Over the past few weeks we've examined the issues inherent with Web 2.0 and in particular AJAX-based applications. These issues need to be dealt with, but they should not be considered "show stoppers" to moving ahead with your Web 2.0 initiative. Consider the security ramifications of the design, implementation, and deployment of your new application carefully. Build security into your new application up front and you'll certainly be able to decrease the potential risks associated with this growing technology.

Consider the following methods to CUT the RISK associated with deploying Web 2.0 applications:

Check VA tools for AJAX support. Validate that the assessment and test tools you use to verify the security of your applications are capable of:

  • Interpreting and evaluating dynamic URLs from JavaScript
  • Creating (or capturing at a minimum) requests in the appropriate markup languages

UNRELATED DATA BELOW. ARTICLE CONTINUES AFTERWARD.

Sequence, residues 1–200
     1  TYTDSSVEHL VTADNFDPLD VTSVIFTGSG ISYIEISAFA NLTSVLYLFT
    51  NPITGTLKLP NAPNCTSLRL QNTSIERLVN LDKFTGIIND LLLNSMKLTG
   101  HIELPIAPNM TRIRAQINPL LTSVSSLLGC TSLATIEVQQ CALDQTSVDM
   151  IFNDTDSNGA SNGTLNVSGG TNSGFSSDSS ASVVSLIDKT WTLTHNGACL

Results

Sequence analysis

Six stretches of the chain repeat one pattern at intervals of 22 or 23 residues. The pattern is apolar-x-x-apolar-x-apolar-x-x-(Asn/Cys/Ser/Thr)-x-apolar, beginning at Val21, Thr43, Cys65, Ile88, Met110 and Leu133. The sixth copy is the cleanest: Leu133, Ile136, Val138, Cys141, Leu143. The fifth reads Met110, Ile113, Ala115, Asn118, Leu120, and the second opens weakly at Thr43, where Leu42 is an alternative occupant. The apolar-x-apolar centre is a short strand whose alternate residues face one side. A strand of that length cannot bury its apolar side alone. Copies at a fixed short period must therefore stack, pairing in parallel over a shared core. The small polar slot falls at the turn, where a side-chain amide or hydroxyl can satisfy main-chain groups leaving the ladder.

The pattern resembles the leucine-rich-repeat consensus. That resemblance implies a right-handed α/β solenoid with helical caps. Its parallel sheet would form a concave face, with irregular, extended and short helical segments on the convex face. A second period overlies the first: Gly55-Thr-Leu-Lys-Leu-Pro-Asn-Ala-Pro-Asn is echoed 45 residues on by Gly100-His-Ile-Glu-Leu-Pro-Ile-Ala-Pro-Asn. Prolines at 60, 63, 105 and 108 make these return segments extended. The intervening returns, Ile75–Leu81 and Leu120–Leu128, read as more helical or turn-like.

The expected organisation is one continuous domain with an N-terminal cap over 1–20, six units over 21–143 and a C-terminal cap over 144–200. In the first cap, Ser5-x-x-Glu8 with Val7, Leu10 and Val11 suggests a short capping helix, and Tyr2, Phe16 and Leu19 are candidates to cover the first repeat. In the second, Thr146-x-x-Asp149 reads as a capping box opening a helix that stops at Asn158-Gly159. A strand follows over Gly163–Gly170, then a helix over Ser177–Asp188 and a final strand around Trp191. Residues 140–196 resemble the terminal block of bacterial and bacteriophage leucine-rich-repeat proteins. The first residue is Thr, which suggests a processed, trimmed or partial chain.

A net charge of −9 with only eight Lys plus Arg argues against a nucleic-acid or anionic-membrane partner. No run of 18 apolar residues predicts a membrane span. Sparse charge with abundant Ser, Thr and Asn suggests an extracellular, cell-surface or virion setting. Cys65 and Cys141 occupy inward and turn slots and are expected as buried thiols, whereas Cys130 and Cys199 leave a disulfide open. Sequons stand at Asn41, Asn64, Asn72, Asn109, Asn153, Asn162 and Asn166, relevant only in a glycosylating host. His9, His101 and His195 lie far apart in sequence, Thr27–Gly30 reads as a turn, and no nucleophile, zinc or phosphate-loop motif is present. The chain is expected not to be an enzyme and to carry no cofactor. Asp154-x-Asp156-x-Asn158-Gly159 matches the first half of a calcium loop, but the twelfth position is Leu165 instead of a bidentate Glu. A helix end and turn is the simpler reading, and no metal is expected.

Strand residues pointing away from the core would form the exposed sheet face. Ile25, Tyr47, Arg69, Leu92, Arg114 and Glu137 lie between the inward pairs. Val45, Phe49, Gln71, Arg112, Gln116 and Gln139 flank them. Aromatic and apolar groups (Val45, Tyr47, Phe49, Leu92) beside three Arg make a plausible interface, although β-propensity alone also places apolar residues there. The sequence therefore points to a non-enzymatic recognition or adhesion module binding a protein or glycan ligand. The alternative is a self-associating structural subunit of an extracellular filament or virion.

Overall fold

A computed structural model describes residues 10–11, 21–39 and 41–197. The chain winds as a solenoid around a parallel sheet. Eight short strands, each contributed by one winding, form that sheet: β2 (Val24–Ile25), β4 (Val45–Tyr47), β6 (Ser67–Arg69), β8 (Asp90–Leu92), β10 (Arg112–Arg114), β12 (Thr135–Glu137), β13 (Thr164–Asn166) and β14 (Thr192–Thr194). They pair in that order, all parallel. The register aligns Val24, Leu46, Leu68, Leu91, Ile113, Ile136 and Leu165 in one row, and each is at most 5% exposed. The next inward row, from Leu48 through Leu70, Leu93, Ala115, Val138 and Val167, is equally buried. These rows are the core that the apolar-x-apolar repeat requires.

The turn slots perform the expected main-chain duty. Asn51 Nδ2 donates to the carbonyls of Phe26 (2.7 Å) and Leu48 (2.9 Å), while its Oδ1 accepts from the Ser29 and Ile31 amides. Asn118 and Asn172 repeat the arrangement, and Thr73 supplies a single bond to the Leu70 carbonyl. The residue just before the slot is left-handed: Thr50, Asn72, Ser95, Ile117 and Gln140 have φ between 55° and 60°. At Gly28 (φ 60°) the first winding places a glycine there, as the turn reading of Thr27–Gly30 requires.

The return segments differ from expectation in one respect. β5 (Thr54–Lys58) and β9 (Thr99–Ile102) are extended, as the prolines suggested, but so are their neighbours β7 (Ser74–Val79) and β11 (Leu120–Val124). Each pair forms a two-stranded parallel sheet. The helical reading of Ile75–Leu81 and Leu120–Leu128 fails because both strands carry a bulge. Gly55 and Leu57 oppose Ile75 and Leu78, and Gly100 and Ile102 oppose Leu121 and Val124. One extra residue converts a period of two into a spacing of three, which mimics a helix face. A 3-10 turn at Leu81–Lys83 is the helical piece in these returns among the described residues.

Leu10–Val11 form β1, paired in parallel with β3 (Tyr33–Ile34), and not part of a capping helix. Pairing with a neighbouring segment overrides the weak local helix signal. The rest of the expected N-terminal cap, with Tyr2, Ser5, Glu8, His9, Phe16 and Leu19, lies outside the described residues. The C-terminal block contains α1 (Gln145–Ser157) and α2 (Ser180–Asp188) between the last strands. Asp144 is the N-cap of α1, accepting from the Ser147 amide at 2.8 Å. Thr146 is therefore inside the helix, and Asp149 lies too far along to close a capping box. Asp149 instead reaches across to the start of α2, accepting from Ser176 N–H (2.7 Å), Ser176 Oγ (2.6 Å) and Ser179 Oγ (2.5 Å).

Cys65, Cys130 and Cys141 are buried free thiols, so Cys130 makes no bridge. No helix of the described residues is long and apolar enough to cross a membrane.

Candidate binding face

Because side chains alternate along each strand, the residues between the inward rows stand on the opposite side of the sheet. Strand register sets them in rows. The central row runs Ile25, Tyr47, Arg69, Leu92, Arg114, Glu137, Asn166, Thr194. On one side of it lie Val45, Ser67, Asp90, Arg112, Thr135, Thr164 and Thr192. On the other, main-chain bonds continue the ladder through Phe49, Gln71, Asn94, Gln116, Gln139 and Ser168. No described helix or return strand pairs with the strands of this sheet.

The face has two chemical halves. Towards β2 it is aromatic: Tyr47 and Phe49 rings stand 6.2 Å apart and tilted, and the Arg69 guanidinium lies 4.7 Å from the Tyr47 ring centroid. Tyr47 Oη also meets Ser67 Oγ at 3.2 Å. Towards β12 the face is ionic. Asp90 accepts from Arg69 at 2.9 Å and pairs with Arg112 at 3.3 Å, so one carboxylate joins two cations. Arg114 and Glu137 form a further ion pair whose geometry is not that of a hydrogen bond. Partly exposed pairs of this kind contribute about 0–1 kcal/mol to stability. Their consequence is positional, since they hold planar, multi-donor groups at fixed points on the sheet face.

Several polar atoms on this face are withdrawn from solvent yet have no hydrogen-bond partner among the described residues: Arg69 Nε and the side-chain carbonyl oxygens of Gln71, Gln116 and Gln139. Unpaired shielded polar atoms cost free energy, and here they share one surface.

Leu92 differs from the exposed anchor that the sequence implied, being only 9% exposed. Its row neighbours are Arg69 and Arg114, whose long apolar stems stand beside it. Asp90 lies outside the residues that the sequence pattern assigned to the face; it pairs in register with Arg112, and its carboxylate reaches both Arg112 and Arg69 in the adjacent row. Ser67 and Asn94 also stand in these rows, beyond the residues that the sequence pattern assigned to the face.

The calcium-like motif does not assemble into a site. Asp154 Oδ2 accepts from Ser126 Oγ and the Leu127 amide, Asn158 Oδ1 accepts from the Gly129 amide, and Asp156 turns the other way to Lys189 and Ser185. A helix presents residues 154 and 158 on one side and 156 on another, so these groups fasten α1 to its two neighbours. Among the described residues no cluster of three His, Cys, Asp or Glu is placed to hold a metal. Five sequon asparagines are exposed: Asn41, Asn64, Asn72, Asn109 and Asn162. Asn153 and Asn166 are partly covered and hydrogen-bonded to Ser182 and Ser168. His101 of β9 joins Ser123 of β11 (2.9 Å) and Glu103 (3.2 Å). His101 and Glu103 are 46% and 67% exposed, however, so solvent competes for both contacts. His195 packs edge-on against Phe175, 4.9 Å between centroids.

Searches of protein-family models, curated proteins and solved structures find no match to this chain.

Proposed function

• JSON, XML, D/HTML

Understand the application. Document and examine regularly:

  • Scripts associated with the application
  • Data sources accessed
  • Access patterns
  • Cookies used

Trust no client. Implement policies that assumes the request is coming from an attacker

  • Validate input
  • Validate request
  • Validate client

Reduce the number of scripts. If possible, reduce the number of scripts/applications to reduce the entry points through which attackers can gain entry/access to the application

Invest in a web application firewall. Web Application Firewalls mediate between client and server and provide:

  • Application security through request verification
  • Client security through response verification
  • Not a panacea, but a first line of defense
  • Cannot stop logic layer attacks

Secure sensitive data using SSL.

  • SSL for transport layer encryption
  • Cookie encryption

Kick back suspicious data. Data Integrity should be validated on both request and response

  • Stop sensitive data from leaving the organization
  • Stop malicious data and code from entering the organization
  • Choose from one or more options: code (custom), software, hardware

Imbibing: Coffee